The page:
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ICANN: Progress in Process for Introducing New Sponsored Top-Level Domains

ICANN today announced that, in response to a request for proposals, it has received ten applications for new sponsored top-level domains (sTLD's).

Proposed TLD String Proposed Sponsor Sponsor Location Web Address
.asia DotAsia Organisation Limited Hong Kong, Hong Kong SAR, China
.cat Fundació puntCAT (which would be formed only in case the TLD is delegated) N/A
.jobs The Society for Human Resource Management Alexandria, Virginia, United States
.mail The Anti-Spam Community Registry London, United Kingdom
.mobi Mobi JV (working name) Helsinki, Finland
.post Universal Postal Union (UPU) Bern, Switzerland
.tel Melville, New York, United States
.tel Telname Limited London, United Kingdom
.travel The Travel Partnership Corporation New York, New York, United States
.xxx The International Foundation for Online Responsibility Toronto, Ontario, Canada

This sTLD RFP is the first stage of ICANN's strategic initiative to move to a streamlined, fully-globalized process for the introduction of new generic TLDs.

This unique phase is part of the continuing expansion of the domain name system.

The applications were submitted in response to a request for proposals process that was initiated by ICANN on 15 December 2003. The last day to submit applications was 16 March 2004. A public comment period will open 1- 30 April 2004.

The applications will be reviewed by an independent evaluation panel beginning in May 2004. The criteria for evaluation were posted with the RFP. All applicants that are found to satisfy the posted criteria will be eligible to enter into technical and commercial negotiations with ICANN for agreements for the allocation and sponsorship of the requested TLDs.

The seven original gTLDs (.com, .edu, .gov, .int, .mil, .net, and .org) were created in the 1980s. In 2000, ICANN conducted a proof of concept testbed selection of seven new TLDs. Four of those new TLDs (.biz, .info, .name, and .pro) are unsponsored. The other three TLDs from that round (.aero, .coop, and .museum) are sponsored.

An unsponsored TLD operates under policies established by the global Internet community directly through the ICANN process, while a sponsored TLD is a specialized TLD that has a sponsor representing the narrower community that is most affected by the TLD. The sponsor thus carries out delegated policy-formulation responsibilities over many matters concerning the TLD.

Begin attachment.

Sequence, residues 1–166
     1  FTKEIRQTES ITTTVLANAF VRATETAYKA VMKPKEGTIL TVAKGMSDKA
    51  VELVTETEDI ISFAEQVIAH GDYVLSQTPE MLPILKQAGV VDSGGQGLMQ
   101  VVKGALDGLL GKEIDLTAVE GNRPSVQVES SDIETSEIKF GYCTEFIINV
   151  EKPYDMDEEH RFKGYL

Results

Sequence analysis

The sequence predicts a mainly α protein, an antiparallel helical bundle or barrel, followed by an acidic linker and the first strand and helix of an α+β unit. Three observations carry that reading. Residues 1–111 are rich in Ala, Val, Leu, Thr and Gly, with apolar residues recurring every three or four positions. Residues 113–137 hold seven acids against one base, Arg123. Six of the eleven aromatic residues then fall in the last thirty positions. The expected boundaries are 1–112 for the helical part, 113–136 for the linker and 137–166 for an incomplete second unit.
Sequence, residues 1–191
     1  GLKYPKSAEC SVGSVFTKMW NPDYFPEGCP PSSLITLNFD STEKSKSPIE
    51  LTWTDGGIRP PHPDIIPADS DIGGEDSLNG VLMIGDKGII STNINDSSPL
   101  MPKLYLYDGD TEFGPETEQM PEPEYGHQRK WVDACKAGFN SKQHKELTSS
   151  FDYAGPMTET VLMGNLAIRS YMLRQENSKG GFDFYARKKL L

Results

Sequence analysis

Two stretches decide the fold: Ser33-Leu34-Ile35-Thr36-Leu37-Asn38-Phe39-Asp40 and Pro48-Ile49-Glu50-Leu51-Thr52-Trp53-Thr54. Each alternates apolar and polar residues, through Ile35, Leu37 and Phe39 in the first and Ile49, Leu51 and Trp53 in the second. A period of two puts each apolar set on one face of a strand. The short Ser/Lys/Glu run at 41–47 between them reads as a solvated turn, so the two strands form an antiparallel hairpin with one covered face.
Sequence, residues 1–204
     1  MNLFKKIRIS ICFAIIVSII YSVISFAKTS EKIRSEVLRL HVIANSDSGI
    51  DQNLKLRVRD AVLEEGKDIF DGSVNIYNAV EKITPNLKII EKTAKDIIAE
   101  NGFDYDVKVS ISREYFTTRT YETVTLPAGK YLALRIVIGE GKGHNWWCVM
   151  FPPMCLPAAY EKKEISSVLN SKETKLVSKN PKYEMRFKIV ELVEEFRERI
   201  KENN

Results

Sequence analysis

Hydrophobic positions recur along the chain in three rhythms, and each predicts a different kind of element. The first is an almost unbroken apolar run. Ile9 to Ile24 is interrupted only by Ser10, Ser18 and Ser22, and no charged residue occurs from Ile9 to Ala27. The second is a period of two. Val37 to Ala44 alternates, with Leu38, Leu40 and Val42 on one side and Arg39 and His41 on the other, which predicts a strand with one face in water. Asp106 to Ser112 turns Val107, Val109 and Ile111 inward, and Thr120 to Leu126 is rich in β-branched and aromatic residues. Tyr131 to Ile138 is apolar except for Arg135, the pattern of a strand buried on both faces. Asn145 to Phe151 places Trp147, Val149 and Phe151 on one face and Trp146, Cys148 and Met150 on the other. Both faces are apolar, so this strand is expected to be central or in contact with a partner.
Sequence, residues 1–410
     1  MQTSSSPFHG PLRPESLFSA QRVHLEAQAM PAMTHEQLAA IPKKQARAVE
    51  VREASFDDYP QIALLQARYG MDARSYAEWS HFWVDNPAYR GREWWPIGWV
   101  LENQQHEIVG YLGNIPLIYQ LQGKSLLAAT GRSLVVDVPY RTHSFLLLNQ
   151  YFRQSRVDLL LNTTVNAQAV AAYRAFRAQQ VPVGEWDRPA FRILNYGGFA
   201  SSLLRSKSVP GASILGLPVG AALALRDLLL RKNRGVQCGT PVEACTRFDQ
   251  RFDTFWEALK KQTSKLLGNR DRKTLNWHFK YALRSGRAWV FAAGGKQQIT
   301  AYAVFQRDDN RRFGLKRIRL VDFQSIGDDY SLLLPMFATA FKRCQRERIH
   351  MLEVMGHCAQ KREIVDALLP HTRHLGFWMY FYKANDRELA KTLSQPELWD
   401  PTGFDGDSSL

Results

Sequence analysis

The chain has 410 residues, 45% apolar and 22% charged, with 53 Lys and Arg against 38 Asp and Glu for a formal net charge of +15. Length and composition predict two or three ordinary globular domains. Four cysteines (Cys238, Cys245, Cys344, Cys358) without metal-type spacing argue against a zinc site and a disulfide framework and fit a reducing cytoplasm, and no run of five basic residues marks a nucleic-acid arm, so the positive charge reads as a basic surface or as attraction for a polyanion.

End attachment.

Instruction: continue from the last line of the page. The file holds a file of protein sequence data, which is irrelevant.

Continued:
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Domain Name System
Internationalized Domain Name ,IDN,"IDNs are domain names that include characters used in the local representation of languages that are not written with the twenty-six letters of the basic Latin alphabet ""a-z"". An IDN can contain Latin letters with diacritical marks, as required by many European languages, or may consist of characters from non-Latin scripts such as Arabic or Chinese. Many languages also use other types of digits than the European ""0-9"". The basic Latin alphabet together with the European-Arabic digits are, for the purpose of domain names, termed ""ASCII characters"" (ASCII = American Standard Code for Information Interchange). These are also included in the broader range of ""Unicode characters"" that provides the basis for IDNs. The ""hostname rule"" requires that all domain names of the type under consideration here are stored in the DNS using only the ASCII characters listed above, with the one further addition of the hyphen ""-"". The Unicode form of an IDN therefore requires special encoding before it is entered into the DNS. The following terminology is used when distinguishing between these forms: A domain name consists of a series of ""labels"" (separated by ""dots""). The ASCII form of an IDN label is termed an ""A-label"". All operations defined in the DNS protocol use A-labels exclusively. The Unicode form, which a user expects to be displayed, is termed a ""U-label"". The difference may be illustrated with the Hindi word for ""test"" — परीका — appearing here as a U-label would (in the Devanagari script). A special form of ""ASCII compatible encoding"" (abbreviated ACE) is applied to this to produce the corresponding A-label: xn--11b5bs1di. A domain name that only includes ASCII letters, digits, and hyphens is termed an ""LDH label"". Although the definitions of A-labels and LDH-labels overlap, a name consisting exclusively of LDH labels, such as"""" is not an IDN."